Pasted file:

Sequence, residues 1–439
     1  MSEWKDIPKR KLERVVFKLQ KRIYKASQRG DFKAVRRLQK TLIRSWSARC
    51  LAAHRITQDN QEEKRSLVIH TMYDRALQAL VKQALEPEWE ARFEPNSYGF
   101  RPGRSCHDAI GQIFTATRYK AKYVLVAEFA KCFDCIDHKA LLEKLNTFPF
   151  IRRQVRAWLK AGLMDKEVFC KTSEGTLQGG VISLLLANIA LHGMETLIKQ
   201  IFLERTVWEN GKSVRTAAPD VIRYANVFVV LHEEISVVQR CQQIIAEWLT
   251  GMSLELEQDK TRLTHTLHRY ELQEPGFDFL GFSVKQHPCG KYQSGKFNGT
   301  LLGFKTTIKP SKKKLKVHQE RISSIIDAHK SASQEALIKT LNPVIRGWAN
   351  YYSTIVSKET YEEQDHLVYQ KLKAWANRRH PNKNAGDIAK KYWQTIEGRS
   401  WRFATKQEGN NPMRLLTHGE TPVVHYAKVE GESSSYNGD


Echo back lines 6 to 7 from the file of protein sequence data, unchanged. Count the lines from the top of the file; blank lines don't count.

   201  IFLERTVWEN GKSVRTAAPD VIRYANVFVV LHEEISVVQR CQQIIAEWLT
   251  GMSLELEQDK TRLTHTLHRY ELQEPGFDFL GFSVKQHPCG KYQSGKFNGT